Benin: Amnesty International Reacts to Attack on LGBTI People

Amnesty International (AI) has called on authorities in Benin to take immediate action to protect transgender people and the groups that defend them.

The human rights organisation made the call after three trans women were forced to undress and were then beaten and robbed by a group of men at a bar in Benin’s capital, Cotonou.

It is understood that the attack, which took place on the night of 30 April, was filmed by the assailants who then posted the video on social media.

According to media reports, the victims – Kani, Fati and Jennifer – sought refuge at a local transgender association but continued to receive threats.

‘This assault on three transgender women must prompt the authorities to take stronger measures to protect transgender and intersex people – as well as all the human rights defenders that speak out for them’, AI’s West Africa Researcher, Fabien Offner, said.

‘They must also ensure victims of such violations have access to the help they need to ensure they live in a safe environment. The perpetrators of this assault must also be identified and prosecuted’.

AI, in a statement, said that the three transgender women told them that they were victims of a trap set by a ‘friend’, who had invited them out under the pretence of attending a ‘birthday party’ in a bar they visited regularly.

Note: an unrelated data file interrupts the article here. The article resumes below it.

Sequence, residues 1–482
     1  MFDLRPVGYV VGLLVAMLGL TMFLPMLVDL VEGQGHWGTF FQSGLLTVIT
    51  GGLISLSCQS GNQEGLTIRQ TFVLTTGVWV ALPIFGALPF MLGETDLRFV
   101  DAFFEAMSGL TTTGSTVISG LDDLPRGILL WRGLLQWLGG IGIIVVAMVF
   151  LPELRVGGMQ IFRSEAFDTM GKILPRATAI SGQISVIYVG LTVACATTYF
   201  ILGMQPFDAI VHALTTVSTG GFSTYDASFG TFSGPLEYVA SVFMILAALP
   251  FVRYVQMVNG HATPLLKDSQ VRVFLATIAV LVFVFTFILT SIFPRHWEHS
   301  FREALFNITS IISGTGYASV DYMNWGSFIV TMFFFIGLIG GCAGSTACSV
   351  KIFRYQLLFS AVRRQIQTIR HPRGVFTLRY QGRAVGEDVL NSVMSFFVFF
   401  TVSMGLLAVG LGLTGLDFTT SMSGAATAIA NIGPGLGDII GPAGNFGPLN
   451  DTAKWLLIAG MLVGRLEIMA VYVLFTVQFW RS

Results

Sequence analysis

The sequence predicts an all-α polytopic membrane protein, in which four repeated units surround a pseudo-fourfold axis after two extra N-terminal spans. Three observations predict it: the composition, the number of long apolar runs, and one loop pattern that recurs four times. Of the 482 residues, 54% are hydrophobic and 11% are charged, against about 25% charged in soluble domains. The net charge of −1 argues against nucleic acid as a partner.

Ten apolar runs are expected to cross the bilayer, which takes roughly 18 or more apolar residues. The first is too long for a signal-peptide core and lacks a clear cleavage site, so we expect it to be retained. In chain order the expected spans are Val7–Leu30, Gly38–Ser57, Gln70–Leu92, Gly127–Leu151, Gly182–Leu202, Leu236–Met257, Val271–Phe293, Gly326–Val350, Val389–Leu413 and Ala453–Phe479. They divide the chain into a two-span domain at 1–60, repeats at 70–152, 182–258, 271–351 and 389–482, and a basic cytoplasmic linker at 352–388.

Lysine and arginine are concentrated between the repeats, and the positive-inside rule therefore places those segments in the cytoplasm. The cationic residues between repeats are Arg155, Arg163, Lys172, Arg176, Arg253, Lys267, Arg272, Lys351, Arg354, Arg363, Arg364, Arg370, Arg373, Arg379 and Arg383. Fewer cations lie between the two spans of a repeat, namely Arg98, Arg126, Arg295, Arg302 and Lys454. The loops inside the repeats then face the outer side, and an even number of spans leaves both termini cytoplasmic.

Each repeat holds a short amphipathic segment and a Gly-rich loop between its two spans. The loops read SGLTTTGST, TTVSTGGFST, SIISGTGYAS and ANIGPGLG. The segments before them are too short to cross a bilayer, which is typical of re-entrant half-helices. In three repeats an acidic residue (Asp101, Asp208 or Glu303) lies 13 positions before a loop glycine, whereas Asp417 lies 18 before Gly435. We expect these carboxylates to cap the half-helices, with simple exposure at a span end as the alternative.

‘Following their arrival, it became clear the party was not going to take place. Their “friend” was moving in and out of the bar while men they had never met came to sit next to them, observing them closely’, the statement read.

One of the three women, according to AI, said, ‘Our “friend” asked Fati to join him outside the bar. She then realised that he was no longer waiting for her outside.

‘Two men started assaulting Fati and stealing her belongings after asking her if she was a man or a woman.

‘We wanted to go out to join her, but the door had been closed. We [could not] run away or help Fati. The door was finally opened, and we were able to join her outside.

‘I was asked if [I am] a man or a woman. I [did not] answer, then I said [I am] a trans woman. The man who asked me the question [did not] understand what I was saying.

‘He then touched me and started slapping me when he saw that I had no breasts’.

Although same-sex sexual acts for both men and women are legal in Benin, LGBTI people continue to face widespread persecution and are rarely open about their sexuality.

Source: Amnesty International

Photo source: Carsten ten Brink

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